First, we need to speak up for ourselves and balance the inequities at home. By talking openly with our partners, we can align on our values, share responsibility in the joys, challenges and logistics of childcare, and teach our children to be proud of doing housework..
Second, womxn need to join forces. Stay at home moms have classically been pitted against working moms. Today, parents are at odds with teachers, who are overwhelmingly women, struggling with the very same issues we’re describing, while we debate how and if school should open. In doing so, we are missing the bigger picture. We should instead be working together to fight for expanded paid leave and sick leave, to fund the childcare industry and protect working parents from being discriminated against. And we should be sharing resources, whether that be information, space, or childcare.
If You’re Looking for a Community of Moms Who Get It:
Chairman Mom is a private network of badass working women.
MotherNation creates spaces for Mothers to care for themselves and each other by gathering Circles based on location, age of children and shared experience.
Mother Honestly is an online community, with resources and support for working mothers.
Finally, we need to be inclusive and welcoming to all womxn, which is a departure from the traditional white feminism many of us inadvertently have been practicing. The pandemic is disproportionately affecting Black moms so it’s important for those of us with a more privileged position to speak up for racial justice in our homes, schools, and organizations.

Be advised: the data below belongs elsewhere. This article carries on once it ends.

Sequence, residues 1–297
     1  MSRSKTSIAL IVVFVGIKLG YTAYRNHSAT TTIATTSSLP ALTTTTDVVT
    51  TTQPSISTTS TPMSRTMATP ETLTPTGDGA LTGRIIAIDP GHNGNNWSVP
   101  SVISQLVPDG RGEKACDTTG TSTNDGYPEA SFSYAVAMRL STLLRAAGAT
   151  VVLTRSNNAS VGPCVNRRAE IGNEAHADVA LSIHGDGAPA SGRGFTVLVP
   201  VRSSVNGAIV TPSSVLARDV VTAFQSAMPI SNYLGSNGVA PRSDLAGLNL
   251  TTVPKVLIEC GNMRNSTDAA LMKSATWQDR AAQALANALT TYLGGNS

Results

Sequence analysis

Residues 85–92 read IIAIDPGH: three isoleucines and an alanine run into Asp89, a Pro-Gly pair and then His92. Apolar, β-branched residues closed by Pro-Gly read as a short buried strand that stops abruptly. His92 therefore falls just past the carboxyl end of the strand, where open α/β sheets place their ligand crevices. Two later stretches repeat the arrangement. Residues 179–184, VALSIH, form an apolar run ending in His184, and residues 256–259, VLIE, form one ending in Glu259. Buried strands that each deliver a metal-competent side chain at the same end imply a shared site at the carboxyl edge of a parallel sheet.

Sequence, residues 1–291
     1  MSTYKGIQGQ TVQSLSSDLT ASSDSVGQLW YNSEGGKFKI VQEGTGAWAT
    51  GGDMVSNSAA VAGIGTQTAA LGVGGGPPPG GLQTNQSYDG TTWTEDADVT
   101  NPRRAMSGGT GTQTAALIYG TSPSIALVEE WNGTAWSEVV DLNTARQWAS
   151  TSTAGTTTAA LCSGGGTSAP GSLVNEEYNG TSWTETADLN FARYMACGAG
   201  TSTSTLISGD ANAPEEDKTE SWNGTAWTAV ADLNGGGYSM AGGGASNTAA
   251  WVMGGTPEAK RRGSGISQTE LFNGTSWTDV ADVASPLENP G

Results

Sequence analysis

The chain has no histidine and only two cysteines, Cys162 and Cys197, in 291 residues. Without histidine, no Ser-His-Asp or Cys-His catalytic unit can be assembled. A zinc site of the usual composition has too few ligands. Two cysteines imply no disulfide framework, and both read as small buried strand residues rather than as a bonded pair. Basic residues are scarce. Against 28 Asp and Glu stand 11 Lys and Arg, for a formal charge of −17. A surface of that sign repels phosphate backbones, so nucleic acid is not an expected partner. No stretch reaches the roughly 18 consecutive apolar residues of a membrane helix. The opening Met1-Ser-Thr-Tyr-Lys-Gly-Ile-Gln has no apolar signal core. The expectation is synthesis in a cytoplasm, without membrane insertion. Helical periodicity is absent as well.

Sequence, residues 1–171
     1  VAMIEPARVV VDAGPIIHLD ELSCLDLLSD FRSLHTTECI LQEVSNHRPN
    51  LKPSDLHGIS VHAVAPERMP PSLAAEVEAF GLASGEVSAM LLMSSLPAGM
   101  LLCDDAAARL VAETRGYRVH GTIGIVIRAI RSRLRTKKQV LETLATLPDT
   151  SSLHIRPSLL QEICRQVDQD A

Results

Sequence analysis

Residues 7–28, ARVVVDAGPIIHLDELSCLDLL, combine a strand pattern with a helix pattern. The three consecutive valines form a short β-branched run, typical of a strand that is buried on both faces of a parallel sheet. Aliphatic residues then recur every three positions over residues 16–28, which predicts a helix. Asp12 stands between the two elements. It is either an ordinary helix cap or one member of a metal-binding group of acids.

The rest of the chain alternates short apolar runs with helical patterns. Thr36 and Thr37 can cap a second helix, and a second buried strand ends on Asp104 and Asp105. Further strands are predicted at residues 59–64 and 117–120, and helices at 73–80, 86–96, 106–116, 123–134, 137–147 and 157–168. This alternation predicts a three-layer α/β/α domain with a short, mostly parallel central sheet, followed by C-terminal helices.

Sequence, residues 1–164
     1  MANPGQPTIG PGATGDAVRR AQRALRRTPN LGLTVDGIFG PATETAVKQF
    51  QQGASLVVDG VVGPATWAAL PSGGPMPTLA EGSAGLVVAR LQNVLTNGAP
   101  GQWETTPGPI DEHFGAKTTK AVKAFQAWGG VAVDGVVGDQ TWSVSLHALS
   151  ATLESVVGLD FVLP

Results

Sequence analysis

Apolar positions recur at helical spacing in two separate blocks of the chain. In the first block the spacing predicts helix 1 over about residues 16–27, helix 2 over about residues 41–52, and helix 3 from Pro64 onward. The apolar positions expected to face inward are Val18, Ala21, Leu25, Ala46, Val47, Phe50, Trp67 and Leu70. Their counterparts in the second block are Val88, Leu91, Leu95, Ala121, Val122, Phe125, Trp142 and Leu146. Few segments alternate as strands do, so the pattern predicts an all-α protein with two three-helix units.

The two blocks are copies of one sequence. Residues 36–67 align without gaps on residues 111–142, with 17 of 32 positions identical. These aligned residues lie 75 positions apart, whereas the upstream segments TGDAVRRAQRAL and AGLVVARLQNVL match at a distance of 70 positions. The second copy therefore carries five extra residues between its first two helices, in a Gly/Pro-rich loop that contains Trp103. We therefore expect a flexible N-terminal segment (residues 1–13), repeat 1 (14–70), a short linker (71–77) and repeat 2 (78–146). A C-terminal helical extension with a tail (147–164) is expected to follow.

You Have Options
Every family needs to do what’s right for them. Based on their own mental health, their family situation, their risk tolerance and financial resources, every family’s solutions will be different. For example, one mom may opt for homeschooling to reduce her own anxiety while another mom may feel it’s necessary for her kids to attend school for her own mental health.
If you’re looking for ways to engage and educate your children from your own home:
Flexable offers interactive, virtual childcare.
Homeroom provides online classes for kids and their friends.
Inceptive offers expert-led, live, and on-demand classes for families on a wide range of topics.
If you’re looking for toys, books, and activities for your kids:
Lovevery provides stage-based early learning and play essentials, up to age 3.
Raddish Kids is a cooking club for kids.
Little Feminist is a monthly book club to help diversify your bookshelves.
If you’re looking for childcare outside the home:
Komae enables cooperative, free care by swapping points with other families.
From Drowning to Thriving
We know this just scratches the surface. There is no silver bullet solution to alleviate such a complex and nuanced issue, rooted in historic biases. The pandemic has brought the childcare crisis to the national stage, although moms have felt the weight of it far longer. We believe the future of caregiving brings together the public and private sectors and is equitable, inclusive, and antiracist. When everyone pitches in to help, moms will make it to shore stronger, and our world will reap the benefits.
We are Shift, user researchers, and designers who provide custom qualitative research to companies to identify needs and recommendations to better support caregivers. We welcome you to follow our thoughts, and if you’d like to work with us, let’s chat.